It was an interactive installation that allowed viewers to rummage through, among other bags and containers, a pink Jansport backpack. There were notes, biology lab reports, and signed permission slips–all handwritten by Nicole–along with lunches, post-it notes from Mom, and fortunte tellers. Totally brings me back to that time known as middle school.

And finally, Bill & Melinda Gates came out strong for sex-worker rights and the framing of the AIDS epidemic as a woman’s issue. The 16th International AIDS conference is being held just an hour and a half North of this woman’s table, in Toronto, and it was with much nodding that I read the following quote this morning, “We need to put the power to prevent HIV in the hands of women. This is true whether the woman is a faithful married mother of small children or a sex worker trying to scrape out a living in a slum. No matter where she lives or what she does, a woman should never need her partner’s permission to save her own life.” That’s Bill Gates talking and no matter how many other people have been saying the same thing for years, I’m still darned glad to hear it coming from his white, influential, rich-ass mouth. Read more at Common Dreams.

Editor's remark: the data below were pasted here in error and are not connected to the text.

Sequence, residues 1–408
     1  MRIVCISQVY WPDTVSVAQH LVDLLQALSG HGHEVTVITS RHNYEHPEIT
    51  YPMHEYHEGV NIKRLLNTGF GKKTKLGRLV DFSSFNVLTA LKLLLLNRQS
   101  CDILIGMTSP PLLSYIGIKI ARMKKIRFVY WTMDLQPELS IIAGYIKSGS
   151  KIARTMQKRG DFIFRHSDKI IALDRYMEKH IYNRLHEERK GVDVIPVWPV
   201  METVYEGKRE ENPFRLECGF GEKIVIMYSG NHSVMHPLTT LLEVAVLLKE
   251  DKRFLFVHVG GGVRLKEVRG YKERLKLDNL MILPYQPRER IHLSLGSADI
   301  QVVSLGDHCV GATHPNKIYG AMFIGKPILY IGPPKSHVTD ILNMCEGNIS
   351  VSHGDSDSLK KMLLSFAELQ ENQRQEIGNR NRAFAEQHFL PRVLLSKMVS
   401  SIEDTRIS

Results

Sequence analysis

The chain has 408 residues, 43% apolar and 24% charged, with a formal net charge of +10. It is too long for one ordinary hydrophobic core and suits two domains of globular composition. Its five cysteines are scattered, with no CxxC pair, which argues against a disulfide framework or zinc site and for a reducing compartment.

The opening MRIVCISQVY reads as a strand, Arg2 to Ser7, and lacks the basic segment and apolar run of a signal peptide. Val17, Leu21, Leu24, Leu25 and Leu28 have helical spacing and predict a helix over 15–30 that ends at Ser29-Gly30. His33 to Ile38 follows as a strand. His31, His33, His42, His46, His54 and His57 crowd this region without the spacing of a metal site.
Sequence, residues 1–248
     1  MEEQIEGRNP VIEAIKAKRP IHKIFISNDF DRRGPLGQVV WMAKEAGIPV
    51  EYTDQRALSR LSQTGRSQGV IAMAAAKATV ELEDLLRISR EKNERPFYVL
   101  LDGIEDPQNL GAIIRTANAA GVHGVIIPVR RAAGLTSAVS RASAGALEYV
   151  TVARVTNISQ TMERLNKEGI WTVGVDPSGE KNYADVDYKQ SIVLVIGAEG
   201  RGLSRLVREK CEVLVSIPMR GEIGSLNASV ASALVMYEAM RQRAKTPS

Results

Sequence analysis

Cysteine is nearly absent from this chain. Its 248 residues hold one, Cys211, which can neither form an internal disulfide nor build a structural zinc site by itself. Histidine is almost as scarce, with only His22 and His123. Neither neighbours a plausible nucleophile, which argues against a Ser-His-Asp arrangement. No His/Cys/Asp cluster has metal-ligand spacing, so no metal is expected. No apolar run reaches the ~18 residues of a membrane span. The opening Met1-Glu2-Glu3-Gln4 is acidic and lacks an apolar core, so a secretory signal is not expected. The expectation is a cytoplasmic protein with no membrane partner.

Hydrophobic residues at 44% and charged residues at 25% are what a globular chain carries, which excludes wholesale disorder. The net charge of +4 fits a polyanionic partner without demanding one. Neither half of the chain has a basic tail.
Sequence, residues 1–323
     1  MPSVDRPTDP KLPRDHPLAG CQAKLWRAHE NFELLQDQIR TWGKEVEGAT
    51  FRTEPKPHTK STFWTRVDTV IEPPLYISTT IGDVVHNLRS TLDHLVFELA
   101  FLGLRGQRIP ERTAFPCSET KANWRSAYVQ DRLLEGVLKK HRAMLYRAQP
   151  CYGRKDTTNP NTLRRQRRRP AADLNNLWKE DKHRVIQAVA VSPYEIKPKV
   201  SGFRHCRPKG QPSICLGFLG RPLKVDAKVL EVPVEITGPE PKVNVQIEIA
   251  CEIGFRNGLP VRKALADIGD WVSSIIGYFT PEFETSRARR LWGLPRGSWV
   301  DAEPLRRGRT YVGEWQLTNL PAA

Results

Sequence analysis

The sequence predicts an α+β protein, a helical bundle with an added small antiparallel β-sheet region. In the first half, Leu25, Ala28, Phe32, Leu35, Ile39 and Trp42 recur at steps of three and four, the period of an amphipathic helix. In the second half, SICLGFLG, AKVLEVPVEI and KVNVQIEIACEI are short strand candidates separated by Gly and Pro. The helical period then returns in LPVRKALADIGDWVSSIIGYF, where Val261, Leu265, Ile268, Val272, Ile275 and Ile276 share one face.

In other news, I have an allergy-attack rash all over my body. Grossssss.

healthy competition?
August 11, 2006, 3:14 pm
Filed under: Healthcare, politics

If one more co-worker tries to be competitive with me regarding the amount of sleep I didn’t get, or how much of my personal life I’ve sacrificed in the name of Work, I will scream. The lack of humanity in these kinds of exchanges is unbelievable. I don’t have a problem with working my ass off–it’s not that–it’s the encouragement of what is, essentially, an unhealthy lifestyle and the competition to be the most masochistic.